African olive was introduced into cultivation in NSW as a hedging plant and rootstock during the mid-1800s, and is closely linked to agricultural pioneers John and William Macarthur and the development of the famous Camden Park estate, near Camden NSW. Since the 1970s African olive started to spread rapidly throughout the Camden district and nearby locations such as the Australian Botanic Garden, Mount Annan quickly developed dense infestations on steep hillsides, particularly as grazing ceased in the mid 1980s. By 2000, over 60 hectares of dense African olive forest had established throughout the Australian Botanic Garden, however control work was primarily focussed on keeping the high conservation value Cumberland Plain Woodland areas free of olive invasion. Despite the rapid spread of African olive throughout western Sydney and its apparent impact on the fragmented native vegetation, very little literature existed on the ecology and origins of this invader, which became the stimulus for my PhD research project. Through this seven-year research project, in conjunction with the Plant Invasion and Restoration Ecology group at Macquarie University, the key aspects of African olive ecology and management have been documented, and are now being used to guide control measures for dense infestations and subsequent ecological restoration at the Australian Botanic Garden and at other locations.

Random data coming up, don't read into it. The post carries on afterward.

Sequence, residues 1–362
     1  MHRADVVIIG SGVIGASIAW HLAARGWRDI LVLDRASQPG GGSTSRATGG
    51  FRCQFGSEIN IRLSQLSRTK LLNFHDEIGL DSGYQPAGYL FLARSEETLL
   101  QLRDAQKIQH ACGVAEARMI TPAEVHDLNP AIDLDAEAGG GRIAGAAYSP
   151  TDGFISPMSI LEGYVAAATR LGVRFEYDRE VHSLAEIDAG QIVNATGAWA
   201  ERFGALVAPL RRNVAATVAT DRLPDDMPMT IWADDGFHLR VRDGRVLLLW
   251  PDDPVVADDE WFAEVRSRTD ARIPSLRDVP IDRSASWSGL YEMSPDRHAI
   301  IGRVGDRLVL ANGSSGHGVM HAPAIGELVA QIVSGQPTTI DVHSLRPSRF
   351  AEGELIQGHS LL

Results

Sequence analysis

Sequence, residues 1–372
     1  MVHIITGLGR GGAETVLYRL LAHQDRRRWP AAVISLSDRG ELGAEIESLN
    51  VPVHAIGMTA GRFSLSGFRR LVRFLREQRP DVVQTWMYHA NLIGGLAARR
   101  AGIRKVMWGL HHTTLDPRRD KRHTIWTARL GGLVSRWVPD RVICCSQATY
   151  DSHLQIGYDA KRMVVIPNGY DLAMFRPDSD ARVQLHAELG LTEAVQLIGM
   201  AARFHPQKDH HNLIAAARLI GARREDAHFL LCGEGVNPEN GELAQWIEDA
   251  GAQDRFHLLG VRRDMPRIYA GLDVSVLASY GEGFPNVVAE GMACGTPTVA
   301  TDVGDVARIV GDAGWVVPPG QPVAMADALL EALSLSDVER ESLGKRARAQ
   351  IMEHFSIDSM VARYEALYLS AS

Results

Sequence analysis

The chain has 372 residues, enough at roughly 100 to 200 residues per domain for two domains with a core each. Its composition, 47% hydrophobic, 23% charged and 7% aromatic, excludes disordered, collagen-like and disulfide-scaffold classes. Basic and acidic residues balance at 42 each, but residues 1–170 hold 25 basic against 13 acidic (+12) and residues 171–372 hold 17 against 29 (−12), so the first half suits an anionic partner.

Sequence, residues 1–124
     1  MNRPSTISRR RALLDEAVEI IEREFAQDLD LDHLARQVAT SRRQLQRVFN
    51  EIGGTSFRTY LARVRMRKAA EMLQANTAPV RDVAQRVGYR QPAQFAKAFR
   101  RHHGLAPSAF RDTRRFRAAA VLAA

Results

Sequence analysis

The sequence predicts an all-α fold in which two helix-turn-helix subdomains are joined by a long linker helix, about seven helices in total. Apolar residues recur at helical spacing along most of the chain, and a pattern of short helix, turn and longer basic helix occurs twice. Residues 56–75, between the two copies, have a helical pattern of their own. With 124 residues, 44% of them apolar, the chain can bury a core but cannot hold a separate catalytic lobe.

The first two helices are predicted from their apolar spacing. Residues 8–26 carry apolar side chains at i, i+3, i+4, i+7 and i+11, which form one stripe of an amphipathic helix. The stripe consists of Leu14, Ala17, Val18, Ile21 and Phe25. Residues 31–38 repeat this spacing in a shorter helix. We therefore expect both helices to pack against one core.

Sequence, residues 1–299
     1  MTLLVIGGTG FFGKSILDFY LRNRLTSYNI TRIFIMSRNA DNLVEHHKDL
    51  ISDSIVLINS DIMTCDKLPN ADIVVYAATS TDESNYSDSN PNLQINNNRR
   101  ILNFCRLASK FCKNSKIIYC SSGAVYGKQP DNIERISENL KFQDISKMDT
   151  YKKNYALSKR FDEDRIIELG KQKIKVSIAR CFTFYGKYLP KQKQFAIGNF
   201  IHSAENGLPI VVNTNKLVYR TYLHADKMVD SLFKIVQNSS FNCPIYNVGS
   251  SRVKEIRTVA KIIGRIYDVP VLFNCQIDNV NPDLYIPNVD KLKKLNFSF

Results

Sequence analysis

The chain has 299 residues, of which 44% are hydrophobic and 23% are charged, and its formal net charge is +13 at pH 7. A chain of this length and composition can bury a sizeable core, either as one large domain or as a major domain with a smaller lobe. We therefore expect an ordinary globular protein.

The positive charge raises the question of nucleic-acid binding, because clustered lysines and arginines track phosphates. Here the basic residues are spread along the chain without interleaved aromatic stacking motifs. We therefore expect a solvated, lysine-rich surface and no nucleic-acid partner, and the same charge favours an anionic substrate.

The key ecological impact of African olive is its ability to invade grassy woodland communities, and form a dense mid-canopy which eventually eliminates the highly diverse understorey layer through shading. Surveys in Cumberland Plain Woodland identified that there were 78 per cent fewer native species beneath African olive canopy in the field compared to uninvaded woodland sites. An experiment that simulated the dense shade levels of the African olive canopy demonstrated a high mortality for native species, compared to an 88 per cent survival rate for African olive seedlings. Also adding to these impressive credentials as an invader, is the fact that African olive can produce 25,000+ fruits on a tree at early maturity - but how long can they last in the soil?